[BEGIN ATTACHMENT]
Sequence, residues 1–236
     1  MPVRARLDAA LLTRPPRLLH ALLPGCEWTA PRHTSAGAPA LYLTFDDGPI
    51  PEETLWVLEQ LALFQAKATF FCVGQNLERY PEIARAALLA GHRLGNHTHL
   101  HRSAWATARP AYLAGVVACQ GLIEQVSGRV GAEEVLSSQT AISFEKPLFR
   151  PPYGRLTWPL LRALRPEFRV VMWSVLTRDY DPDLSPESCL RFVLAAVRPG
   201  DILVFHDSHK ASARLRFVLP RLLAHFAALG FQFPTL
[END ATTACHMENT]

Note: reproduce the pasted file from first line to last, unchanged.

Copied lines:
Sequence, residues 1–236
     1  MPVRARLDAA LLTRPPRLLH ALLPGCEWTA PRHTSAGAPA LYLTFDDGPI
    51  PEETLWVLEQ LALFQAKATF FCVGQNLERY PEIARAALLA GHRLGNHTHL
   101  HRSAWATARP AYLAGVVACQ GLIEQVSGRV GAEEVLSSQT AISFEKPLFR
   151  PPYGRLTWPL LRALRPEFRV VMWSVLTRDY DPDLSPESCL RFVLAAVRPG
   201  DILVFHDSHK ASARLRFVLP RLLAHFAALG FQFPTL